Kayaking - Canoeing - Rafting - Fishing - Surfing


Peace River from Brownville Park to DeSoto Park, Arcadia, Florida USA
By reading further, you agree to our Terms of Use

Searching for Fossils along the Peace River
Copyright 2011 Closewaters LLC- See Terms of Use

Our Route Summary

  • Submitted by: Al Vazquez
  • Date Submitted: 4/2/2011
  • Location: Arcadia, Florida USA
  • Class: 1; current varies significantly based on the water level
  • Water Level Gauge (We paddled at 4.5 feet of Gauge Height and there was a current of about 1.5 MPH)
  • Distance Paddled: about 9 miles one way
  • Water: tannic river water
  • Wildlife: alligator, Yellow-bellied slider turtles, Great Blue Heron, gorgeous Cypress, Epiphytes
  • Special Regulations: See current rules posted in the park

Entry - Brownville Park north of Arcadia

  • Directions: From Arcadia, take US 17 north about 4 miles to Brownville Street
  • Turn left (west) onto Brownville Street
  • Proceed 1.5 miles to the park entrance on left (south) at 1885 NE Brownville St, Arcadia, FL 34266-2618
    (863) 491-5333
  • Continue to the ramp at the back of the park
  • GPS: N 27.297934° W 081.846474° (from map)
  • Fee: None
  • Description: Cement boat ramp that gets busy on weekend mornings with groups of paddlers leaving all at once with local outfitters
  • Parking: adjacent dirt parking lot, mostly under trees.
  • Facilities: Restrooms, picnic tables, camping.
  • Security: We were told by locals that this is a relatively secure location to leave unattended vehicles.
  • Special Handicap Access: none
  • Shuttle: We dropped boats and passengers at Brownville Park, then left the cars at the Exit in Arcadia. We called in advance to have Zamora's Taxi (863-494-1582) take the drivers back up to Brownville Park to start the day. Zamora's Taxi was reliable and friendly.

Exit - DeSoto Park in Arcadia

  • Directions: From downtown Arcadia, drive west on SR 70 about 1.5 miles to the bridge.
  • Turn north onto NW American Legion Drive, which is also the park entrance, about 1000 feet west of the bridge over the Peace River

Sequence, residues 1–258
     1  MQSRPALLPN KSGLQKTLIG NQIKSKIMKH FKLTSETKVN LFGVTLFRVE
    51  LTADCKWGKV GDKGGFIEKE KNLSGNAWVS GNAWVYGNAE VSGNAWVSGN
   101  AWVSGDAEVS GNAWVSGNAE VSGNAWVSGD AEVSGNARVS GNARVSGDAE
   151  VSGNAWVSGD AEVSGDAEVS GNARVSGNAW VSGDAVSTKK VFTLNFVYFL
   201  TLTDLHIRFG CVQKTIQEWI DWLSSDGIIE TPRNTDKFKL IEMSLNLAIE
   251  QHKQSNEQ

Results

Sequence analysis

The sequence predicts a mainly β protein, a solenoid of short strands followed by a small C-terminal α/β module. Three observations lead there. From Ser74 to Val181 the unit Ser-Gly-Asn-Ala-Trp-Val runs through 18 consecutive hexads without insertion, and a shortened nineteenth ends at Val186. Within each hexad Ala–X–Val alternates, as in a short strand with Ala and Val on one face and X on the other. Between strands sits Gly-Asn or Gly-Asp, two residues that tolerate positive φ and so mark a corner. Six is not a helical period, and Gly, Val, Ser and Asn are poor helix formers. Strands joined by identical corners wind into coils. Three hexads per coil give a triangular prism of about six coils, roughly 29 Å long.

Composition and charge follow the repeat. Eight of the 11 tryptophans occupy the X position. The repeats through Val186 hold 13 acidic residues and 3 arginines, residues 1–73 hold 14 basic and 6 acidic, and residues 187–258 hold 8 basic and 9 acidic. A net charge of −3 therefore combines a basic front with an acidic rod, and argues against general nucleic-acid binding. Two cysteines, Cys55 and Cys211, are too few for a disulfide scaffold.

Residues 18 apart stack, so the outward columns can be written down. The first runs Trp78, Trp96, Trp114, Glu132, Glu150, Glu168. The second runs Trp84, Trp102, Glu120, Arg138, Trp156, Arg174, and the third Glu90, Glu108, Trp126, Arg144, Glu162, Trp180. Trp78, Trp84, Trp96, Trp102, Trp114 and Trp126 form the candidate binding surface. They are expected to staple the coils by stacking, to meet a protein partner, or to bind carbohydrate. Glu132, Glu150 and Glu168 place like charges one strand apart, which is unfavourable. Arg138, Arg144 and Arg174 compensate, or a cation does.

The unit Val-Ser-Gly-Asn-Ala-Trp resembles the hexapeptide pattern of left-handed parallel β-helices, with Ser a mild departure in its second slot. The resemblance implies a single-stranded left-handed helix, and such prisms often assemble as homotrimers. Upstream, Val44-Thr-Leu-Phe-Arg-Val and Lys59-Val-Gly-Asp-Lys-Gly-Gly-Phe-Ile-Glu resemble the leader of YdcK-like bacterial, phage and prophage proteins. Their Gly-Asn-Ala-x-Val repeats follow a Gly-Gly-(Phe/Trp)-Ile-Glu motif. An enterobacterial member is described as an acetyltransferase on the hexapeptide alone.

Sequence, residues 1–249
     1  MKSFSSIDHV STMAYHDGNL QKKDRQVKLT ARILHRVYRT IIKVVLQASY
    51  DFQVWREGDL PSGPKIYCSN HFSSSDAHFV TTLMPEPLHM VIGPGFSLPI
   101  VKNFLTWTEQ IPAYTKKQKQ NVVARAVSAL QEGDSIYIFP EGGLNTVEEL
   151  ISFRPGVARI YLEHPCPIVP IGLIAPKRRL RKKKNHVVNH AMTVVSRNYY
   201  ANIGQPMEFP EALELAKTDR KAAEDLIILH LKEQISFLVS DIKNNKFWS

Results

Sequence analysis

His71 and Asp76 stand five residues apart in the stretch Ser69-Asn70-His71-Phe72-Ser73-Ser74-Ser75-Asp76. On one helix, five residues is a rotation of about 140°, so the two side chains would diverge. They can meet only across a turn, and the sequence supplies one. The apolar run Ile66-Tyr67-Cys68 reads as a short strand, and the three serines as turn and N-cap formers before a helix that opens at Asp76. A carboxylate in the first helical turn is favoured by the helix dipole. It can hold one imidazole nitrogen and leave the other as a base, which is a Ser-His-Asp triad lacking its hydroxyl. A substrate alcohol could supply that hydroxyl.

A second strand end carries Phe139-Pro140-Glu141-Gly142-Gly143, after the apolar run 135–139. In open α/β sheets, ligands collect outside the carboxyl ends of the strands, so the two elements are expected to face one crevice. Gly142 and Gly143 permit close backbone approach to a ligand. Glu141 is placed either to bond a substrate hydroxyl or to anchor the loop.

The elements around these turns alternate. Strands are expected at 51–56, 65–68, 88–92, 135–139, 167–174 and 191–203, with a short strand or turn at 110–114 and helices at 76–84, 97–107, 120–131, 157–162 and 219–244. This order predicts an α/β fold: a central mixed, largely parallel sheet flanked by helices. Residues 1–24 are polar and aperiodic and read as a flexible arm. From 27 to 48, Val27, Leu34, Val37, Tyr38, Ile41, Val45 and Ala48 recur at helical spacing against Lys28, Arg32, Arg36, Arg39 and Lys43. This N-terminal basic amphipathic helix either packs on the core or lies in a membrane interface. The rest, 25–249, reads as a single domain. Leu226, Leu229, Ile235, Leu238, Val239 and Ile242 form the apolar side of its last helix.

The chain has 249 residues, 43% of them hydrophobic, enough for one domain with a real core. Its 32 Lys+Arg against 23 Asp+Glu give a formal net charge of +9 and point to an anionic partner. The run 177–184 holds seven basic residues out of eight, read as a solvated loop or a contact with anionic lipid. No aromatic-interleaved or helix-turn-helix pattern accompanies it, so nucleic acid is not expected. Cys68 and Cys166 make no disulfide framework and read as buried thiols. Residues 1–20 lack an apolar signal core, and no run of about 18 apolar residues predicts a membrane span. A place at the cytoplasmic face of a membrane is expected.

• GPS: N 27.22412° W 081.88197° (actual reading)
  • Fee: None
  • Description: Cement boat ramp and adjacent grass beach. Beware that the ramp was located in an area of high river current (see the turbulent water in front of the rocks in the photo). So we took out on the grassy beach beside the cement ramp, just downstream, where there was less current.
  • Parking: adjacent paved and unpaved parking
  • Facilities: Restrooms, picnic tables under trees
  • Security: We were told by locals that this is a relatively secure location to leave unattended vehicles. This was where we left our vehicles.
  • Special Handicap Access: none


Where We Paddled and What We Saw

We waited for a large group of rental canoes to leave, then launched and quickly left them behind.

The beginning section had wooded banks.

We saw a few small alligators warming themselves in the sun on a beautiful day. Unlike over 20 shy, larger alligators we saw kayaking from Zolfo Springs to Gardner the day before, we were able to get close enough to take a picture before these swam into the water to hide.

Small Alligator Warming in the Sun

Gorgeous Cypress Trees

Kayaking further downstream, we saw some houses and cabins along the shore.

And we paddled along beautiful, large cypress trees hanging with Spanish Moss. Because it was warm, we tried to paddle in the shade of this splendid canopy of trees wherever we could.

We found a nice sandy beach on the outside of a bend in the river to dig for fossils. Though the water level was higher than optimum for finding fossils, we found several shark teeth in just a few minutes of amateur digging. We were using a sand flea scoop to filter the larger pieces from the bottom sediment we washed away in the river.

When we saw the railroad bridge, we knew we just had one more mile (line of sight to travel) or about 2 miles of paddling.


Kayaking farther downstream, we saw many tents pitched by campers along the river with car access behind them. And entering Arcadia, we saw some large homes on the river banks as well.


The Railroad Bridge